The Duke D’Alençon Meets Joan of Arc

What task from the dauphin comes to me hence?
A lowly maid now seeks his audience.
This Joan, a girl from province unheard of,
They say she can hear voices from above.
I care not for such things, but like the rest
Of wenches whom I’ve bedded can attest:
Tonight we travel, my chance won’t be missed.
I’ll have my way with her, she can’t resist.

Lo, there she is! But say, what can it be
That strikes my heart beyond what eyes can see?
One look at her and all my thoughts are changed
From carnal lusts to purity exchanged.
The presence of this maid does overwhelm
As if she came down from angelic realm.
The thoughts that flood my mind are only chaste.
We journey on, my wicked plans erased.

The morning comes, to Chinon we’ve arrived.
Her holy presence has my faith revived.
The whole night in my carriage she did pray
And my poor soul now sees the light of day.
As she departs, I cry, “Pray for me, Joan!”
A solemn nod, she leaves me all alone.
Mon Dieu! I now repent, I’ll fight for Thee!
Thanks be for sending Joan to rescue me.



Mr. Ben Broussard lives in New Orleans, Louisiana. He is a full time volunteer with the American Society of the Defense of Tradition, Family and Property (TFP).

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6 Responses

  1. Julian D. Woodruff

    Thanks for this, Mr. Broussard. I hope your good example prompts more poems on this site about the saints, sanctity, and conversion.
    I don’t quite follow the grammar of the passage “but like … can attest.” But you’ve nonetheless eloquently presented a powerful instance of holiness.

    • Margaret Coats

      The little difficulty is explained by the long separation of subject and verb in a sentence with compound predicate: “I care not . . . but [I] can attest”

      • Julian D. Woodruff

        Thanks, Margaret. I think maybe it was the comma after “bedded” that I missed more than the 2nd understood “I”–not that the comma should be there if “I” is not.

    • BenB

      Thank you, Julian, for your kind comment.

      Apologies for the lack of clarity in the line you mention. That is the only line in the poem that continues into the next. “but like the rest Of wenches whom I’ve bedded can attest” is intended to show his depravity. These other wenches can attest to his never missing a chance for promiscuous relations, and he intended no exception for Saint Joan of Arc. Little did he know his task of giving her safe transport would lead to his conversion and repentance.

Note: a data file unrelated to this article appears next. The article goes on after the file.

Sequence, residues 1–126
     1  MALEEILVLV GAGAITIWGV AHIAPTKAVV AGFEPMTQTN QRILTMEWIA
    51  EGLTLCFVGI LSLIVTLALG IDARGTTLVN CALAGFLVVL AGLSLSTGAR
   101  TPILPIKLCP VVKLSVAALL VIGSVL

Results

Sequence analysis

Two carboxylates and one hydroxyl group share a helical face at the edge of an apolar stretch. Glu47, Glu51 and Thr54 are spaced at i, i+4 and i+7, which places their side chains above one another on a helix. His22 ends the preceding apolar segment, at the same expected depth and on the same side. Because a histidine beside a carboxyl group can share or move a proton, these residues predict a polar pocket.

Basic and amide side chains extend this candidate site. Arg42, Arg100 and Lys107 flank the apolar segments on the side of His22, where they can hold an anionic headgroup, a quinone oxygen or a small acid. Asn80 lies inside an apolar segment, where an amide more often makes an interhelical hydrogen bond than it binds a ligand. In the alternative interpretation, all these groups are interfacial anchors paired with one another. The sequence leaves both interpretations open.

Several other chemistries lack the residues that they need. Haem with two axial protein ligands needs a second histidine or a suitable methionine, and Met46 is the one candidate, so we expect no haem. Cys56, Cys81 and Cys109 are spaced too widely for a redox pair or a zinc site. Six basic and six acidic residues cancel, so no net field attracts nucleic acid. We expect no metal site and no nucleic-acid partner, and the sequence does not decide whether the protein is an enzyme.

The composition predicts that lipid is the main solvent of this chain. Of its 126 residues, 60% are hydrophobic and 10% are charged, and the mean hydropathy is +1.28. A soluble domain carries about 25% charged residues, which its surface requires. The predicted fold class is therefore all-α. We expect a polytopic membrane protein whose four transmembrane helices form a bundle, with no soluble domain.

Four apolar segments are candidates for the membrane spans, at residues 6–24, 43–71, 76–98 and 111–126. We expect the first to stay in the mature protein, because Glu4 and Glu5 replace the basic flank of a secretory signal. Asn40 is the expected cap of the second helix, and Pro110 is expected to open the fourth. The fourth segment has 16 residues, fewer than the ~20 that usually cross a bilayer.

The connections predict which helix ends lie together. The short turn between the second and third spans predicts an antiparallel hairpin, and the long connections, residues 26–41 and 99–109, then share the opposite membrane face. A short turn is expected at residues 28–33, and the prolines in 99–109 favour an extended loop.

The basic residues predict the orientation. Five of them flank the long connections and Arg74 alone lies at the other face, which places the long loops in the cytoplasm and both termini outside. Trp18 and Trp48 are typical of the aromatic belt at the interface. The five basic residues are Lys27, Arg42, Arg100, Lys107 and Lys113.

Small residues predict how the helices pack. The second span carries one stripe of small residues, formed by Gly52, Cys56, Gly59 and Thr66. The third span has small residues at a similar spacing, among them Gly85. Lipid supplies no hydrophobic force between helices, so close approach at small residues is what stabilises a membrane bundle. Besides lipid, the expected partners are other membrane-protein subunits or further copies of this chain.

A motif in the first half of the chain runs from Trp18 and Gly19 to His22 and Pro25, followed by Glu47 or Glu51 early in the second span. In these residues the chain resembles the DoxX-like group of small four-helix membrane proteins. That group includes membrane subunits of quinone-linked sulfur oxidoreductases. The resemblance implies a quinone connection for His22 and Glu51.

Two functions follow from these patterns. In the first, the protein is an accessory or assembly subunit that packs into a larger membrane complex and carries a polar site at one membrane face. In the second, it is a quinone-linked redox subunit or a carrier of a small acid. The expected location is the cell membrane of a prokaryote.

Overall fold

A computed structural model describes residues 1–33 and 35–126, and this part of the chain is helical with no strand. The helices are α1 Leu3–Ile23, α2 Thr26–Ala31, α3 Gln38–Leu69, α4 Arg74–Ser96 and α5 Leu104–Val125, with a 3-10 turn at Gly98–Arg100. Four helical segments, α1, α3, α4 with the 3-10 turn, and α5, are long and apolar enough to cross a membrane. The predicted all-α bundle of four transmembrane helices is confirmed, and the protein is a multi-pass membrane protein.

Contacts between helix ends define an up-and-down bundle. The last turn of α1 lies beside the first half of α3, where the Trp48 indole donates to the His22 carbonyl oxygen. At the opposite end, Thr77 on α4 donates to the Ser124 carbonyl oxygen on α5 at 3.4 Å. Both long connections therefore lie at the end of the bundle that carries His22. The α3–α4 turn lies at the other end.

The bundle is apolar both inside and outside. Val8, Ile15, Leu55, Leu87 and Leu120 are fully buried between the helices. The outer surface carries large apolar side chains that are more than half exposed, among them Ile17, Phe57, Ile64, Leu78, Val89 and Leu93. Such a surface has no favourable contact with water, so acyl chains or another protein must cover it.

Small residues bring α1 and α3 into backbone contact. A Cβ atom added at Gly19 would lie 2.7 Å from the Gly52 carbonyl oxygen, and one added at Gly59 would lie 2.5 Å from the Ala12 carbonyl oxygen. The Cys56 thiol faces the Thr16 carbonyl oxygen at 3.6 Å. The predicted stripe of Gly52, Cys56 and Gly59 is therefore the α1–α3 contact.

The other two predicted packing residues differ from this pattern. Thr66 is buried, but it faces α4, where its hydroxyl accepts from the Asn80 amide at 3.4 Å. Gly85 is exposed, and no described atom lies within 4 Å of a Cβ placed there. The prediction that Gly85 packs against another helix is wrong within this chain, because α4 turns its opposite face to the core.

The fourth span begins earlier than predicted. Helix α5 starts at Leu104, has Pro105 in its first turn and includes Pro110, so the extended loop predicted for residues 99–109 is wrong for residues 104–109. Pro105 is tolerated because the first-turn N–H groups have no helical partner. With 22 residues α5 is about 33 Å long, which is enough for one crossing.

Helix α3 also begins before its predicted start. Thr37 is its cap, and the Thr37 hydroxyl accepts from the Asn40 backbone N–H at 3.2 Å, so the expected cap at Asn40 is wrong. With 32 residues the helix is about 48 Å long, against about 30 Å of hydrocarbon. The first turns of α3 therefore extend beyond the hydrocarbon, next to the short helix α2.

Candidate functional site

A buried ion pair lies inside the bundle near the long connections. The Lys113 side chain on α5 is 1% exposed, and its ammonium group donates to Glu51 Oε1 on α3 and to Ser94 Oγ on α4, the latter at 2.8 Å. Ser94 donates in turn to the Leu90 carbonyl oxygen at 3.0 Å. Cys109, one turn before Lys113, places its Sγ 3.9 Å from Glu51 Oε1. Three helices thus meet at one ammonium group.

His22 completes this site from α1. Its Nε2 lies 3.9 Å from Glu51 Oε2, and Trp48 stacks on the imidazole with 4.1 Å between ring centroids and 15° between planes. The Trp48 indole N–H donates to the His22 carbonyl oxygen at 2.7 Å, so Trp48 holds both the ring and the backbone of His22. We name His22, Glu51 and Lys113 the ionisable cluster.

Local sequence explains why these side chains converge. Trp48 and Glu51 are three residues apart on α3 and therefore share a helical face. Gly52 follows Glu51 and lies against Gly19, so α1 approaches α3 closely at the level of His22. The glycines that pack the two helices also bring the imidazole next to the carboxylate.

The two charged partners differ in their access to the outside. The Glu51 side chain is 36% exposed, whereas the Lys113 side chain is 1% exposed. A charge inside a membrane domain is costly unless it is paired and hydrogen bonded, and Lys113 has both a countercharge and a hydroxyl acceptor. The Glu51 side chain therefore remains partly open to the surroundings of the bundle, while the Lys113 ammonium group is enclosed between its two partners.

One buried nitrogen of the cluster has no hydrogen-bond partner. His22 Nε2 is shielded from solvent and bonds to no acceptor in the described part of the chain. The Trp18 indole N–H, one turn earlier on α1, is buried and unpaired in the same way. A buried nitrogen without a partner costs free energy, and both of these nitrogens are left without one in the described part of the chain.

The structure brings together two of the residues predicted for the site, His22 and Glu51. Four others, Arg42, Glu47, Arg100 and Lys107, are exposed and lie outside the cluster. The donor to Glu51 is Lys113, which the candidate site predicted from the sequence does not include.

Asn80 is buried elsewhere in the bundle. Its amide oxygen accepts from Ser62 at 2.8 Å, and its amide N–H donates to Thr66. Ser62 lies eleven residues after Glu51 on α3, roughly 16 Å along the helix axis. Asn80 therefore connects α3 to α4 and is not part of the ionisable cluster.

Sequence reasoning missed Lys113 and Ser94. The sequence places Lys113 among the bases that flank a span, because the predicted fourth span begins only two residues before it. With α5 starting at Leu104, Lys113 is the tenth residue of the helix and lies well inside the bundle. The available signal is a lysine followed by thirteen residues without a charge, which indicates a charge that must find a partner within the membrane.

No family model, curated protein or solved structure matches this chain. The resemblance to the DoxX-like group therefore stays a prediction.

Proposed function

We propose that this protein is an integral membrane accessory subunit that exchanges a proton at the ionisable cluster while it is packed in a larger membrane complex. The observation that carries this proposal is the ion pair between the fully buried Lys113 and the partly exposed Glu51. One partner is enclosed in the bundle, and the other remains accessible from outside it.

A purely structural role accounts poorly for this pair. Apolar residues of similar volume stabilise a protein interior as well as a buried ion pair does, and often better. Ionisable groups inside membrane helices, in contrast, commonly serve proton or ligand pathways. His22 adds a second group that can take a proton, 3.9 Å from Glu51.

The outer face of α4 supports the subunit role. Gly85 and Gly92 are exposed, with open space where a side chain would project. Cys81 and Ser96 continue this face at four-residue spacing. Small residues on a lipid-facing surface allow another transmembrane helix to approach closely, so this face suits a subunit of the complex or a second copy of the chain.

To quote Paul Claudel: “Youth was not made for pleasure, but for heroism.” May God raise up pure heroes like Saint Joan of Arc for today’s battles.

  2. Margaret Coats

    Ben, this is a wonderful picture of Joan as a powerful saint, whose very presence works miracles for those who encounter her. In this case, it is all the more remarkable because the Duke hasn’t the slightest wish for the miracle of “purity exchanged.” And he not only receives it but accepts it!

    The final surprising lines show Joan as a Christlike intercessor for an individual, and connect as well to her God-given task of saving her country. Her work not only threw off unjust English domination in her own time, but preserved much of France from the political Protestantism of Henry VIII a century later. Your final lines demonstrate the fervor with which Joan’s all-male army fought under command of this holy virgin, who insisted on Mass at dawn every day.

    One little criticism is the combination of archaic and new verb forms. If you are going to use “doth” and “hath,” you should also use “cometh,” “seeketh,” “striketh,” “seeth.” I would think it better to use “does” and “has,” to avoid translation of the whole poem into archaic English. I would not, however, object to “Thee” as an archaic pronoun for God, as this is generally recognized to be a reverential exception to the rule.

  3. BenB

    Thank you, Margaret. This true story is but one of many from her short life to show she was God’s instrument for the restoration of France and of individual souls. Her righteous indignation put a swift end to blasphemy, swearing, gambling, and impure vices wherever she went. Though only 19 when burned at the stake, Saint Joan of Arc’s heroism and saintly virtue shine for all time.

    Your criticism is 100% valid and I had submitted a revision correcting what you mention, but it must not have gotten to the right person before publication. I am still new to this site, so your patience with me is beyond exemplary.

    May Saint Joan of Arc intercede for you in all your endeavors.


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